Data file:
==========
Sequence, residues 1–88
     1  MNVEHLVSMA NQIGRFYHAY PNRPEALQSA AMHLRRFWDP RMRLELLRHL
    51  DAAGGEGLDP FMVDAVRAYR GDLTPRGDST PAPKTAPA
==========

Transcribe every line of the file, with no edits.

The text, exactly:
Sequence, residues 1–88
     1  MNVEHLVSMA NQIGRFYHAY PNRPEALQSA AMHLRRFWDP RMRLELLRHL
    51  DAAGGEGLDP FMVDAVRAYR GDLTPRGDST PAPKTAPA